Giddy up there horse!

March 28, 2013



April 23-27: Irish National Hunt Festival, Punchestown Racecourse, Naas, Co Kildare.

The late, great Irish sports journalist Con Houlihan, who died only last year, leaving scores of thousands of his devoted readers bereft, said of Punchestown: “It is a truly rural course. It is a kind of throwback to the last century, if not further. It has stone walls and double banks. It is a mixture of a point-to-point course and a racetrack. Its annual festival in late April is somewhat like that at Cheltenham but homelier and friendlier and less sanitised.”

Sadly, Con is gone, but his beloved Punchestown Festival lives on, attracting more than 100,000 spectators over the five days. Half of them are racing-mad, the other half (including yours truly) don’t know one end of a horse from the other, but everyone who goes to the track, win or lose, enjoys an unforgettable day out.

If you want to experience the electrifying atmosphere of the sport of kings in the country that produces the world’s fastest and finest racehorses ─ the superstars of the starting stalls ─ don’t miss the Punchestown Festival.

Back in Dublin, the barmen in Con’s two favourite pubs ─ Mulligan’s in Poolbeg Street and The Palace Bar in Fleet Street, where he drank nothing but brandy and milk ─ will regale you with fascinating stories of the great man.


April 1-30: Dublin: One City, One Book.

Tome it may concern, this year’s jam-packed month-long programme of events throughout the capital will celebrate James Plunkett’s ‘Strumpet City’ (last year it was James Joyce’s ‘Dubliners’).

Plunkett (1920-2003), was a Dublin city centre working-class boy who became a radio producer, playwright and author. ‘Strumpet City’ is considered his masterpiece and widely regarded as the Great Irish Novel.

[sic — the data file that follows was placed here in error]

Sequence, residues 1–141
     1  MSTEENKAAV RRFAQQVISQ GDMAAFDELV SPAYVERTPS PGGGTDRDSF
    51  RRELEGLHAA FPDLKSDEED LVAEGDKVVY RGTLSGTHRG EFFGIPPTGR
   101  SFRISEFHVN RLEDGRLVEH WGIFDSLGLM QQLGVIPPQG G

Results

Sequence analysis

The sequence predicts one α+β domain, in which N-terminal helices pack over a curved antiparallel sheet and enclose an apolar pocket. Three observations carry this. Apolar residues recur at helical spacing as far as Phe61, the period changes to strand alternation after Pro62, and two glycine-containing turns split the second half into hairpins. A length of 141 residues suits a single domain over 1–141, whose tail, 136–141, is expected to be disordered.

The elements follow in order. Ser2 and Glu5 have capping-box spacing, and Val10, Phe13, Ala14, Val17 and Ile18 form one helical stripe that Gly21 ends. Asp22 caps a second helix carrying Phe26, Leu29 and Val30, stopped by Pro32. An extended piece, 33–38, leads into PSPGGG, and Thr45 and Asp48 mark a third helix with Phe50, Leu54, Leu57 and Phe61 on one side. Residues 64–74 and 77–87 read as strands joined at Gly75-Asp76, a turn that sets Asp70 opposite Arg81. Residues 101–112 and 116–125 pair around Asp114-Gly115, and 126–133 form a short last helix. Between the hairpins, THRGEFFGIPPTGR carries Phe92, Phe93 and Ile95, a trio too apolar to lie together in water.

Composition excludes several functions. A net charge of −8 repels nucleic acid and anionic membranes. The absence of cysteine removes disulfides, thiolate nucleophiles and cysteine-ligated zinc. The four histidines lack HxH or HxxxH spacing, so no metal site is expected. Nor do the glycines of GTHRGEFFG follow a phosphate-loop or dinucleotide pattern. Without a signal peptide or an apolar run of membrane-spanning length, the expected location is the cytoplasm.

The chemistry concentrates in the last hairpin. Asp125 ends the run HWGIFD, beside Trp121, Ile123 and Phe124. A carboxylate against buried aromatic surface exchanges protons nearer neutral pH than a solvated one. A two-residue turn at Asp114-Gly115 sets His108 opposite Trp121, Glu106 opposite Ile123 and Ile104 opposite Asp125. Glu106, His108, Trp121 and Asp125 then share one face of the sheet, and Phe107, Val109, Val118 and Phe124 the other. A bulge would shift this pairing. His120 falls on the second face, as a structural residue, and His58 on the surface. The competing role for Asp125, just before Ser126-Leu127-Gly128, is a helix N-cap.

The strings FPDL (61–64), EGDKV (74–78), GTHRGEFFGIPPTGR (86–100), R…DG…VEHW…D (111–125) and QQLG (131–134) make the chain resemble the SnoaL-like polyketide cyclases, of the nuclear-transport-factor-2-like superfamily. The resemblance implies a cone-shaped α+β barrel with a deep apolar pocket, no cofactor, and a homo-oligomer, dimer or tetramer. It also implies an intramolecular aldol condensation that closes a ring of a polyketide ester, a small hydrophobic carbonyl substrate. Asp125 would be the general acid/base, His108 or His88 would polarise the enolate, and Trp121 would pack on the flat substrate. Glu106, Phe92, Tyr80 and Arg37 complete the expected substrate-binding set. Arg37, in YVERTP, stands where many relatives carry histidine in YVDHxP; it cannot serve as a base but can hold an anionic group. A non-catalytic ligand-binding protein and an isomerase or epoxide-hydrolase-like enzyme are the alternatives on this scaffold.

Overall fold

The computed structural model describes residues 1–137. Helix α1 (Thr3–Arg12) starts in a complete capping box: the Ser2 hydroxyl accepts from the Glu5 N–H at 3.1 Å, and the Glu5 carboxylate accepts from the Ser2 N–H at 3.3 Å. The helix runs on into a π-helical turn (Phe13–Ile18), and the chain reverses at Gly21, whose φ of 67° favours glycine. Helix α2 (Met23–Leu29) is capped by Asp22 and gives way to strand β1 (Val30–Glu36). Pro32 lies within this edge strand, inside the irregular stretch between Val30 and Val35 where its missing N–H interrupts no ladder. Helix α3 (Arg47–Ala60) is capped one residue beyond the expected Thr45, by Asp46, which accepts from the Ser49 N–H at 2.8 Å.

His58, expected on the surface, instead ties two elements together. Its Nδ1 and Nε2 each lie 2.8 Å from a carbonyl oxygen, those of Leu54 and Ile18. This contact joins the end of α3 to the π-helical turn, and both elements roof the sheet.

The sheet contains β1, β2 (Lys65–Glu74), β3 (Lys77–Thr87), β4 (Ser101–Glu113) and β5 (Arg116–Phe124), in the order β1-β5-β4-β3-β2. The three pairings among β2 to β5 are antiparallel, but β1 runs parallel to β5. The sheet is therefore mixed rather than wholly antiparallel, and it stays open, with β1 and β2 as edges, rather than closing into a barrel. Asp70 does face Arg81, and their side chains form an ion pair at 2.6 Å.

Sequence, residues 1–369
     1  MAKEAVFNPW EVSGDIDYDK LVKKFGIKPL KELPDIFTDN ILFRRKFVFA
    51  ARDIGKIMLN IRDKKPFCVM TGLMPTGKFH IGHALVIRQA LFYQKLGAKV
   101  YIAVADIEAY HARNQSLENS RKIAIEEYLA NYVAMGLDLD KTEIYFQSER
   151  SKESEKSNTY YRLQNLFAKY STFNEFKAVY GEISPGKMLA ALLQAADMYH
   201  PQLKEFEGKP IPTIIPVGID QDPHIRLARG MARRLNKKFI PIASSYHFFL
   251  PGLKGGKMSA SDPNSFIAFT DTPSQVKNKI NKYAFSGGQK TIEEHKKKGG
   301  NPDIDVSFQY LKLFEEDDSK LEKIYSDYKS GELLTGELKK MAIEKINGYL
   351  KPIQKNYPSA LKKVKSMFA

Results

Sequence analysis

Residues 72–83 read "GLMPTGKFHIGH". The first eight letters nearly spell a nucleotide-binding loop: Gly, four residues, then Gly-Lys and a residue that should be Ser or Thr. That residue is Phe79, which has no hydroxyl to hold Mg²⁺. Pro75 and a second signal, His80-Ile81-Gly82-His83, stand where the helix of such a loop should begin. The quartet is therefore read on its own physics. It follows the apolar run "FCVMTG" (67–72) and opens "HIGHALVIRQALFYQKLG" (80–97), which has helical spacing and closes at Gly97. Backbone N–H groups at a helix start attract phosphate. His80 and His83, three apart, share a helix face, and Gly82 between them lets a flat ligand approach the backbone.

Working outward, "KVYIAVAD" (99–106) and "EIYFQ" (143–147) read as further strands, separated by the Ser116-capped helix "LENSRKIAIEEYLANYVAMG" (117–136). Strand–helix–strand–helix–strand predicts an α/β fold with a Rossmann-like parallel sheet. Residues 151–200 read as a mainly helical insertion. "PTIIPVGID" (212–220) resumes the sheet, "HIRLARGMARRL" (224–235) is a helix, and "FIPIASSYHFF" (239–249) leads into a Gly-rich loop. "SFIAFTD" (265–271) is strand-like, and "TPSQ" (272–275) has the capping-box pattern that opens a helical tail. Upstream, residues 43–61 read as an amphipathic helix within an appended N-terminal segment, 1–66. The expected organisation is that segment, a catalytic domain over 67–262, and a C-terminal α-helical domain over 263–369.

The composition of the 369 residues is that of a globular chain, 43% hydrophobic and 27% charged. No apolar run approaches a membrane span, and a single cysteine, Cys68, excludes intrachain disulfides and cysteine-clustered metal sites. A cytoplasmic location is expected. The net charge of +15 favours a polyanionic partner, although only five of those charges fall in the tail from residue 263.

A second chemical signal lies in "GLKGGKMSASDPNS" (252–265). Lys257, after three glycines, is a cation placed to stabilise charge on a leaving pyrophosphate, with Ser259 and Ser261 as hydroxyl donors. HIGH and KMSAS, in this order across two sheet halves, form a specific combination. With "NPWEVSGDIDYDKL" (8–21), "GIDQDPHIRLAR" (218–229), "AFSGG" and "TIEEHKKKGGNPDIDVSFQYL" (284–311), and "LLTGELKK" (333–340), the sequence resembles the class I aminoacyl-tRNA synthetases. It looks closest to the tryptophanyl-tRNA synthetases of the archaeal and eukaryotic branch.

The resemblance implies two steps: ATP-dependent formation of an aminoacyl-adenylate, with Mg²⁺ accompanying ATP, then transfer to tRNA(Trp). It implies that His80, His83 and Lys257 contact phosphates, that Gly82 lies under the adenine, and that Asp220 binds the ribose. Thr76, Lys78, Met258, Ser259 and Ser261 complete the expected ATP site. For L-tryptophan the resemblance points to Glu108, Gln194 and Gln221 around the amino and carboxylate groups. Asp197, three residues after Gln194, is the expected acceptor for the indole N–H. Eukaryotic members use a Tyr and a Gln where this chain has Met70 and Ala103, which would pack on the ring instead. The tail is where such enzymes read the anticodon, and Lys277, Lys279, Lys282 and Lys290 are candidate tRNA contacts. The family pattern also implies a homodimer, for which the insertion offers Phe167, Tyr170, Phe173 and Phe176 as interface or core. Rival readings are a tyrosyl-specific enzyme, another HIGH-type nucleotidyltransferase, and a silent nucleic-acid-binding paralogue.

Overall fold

The novel is set against the backdrop of the lockout of 20,000 trade union members by employers in 1913. As a lifelong champion of workers’ rights, Plunkett was writing on a topic with which he was well familiar.Events marking the centenary of the seminal ‘Strumpet City’ include guided walking and bike tours, dramatic readings, concerts and lectures that will paint a sometimes disturbing but always fascinating picture of Dublin 100 years ago.

April 2-7: 42nd International Pan Celtic Festival, Carlow town, Co Carlow (trains from Dublin Heuston station).

One of the longest-established ─ and most enjoyable ─ festivals on the calendar brings together the Celtic cultures of Ireland, Scotland, Wales, the Isle of Man, Cornwall and Brittany for six lively days of music, dance, song and storytelling.

If you want to hear the same tune played on six distinctly different styles of bagpipes, Carlow’s the place to go (the old joke about a gentleman being someone who can but refuses to play the pipes doesn’t count here). One of my favourite festivals.

April 24-28: Dublin Bay Prawn Festival, Howth, Co Dublin (Dart commuter trains).

A celebration of all things Dublin Bay, plus tons of fun events and activities (tons of tasty treats too).

The programme offers an exciting mix of freshly-prepared street food, strolling musicians, walks, talks and seaside antics.

When you’ve finished feeding yourself, buy a bag of fish scraps from one of the stalls and feed the seals in the harbour.


Tom Sweeney's Travel Blog

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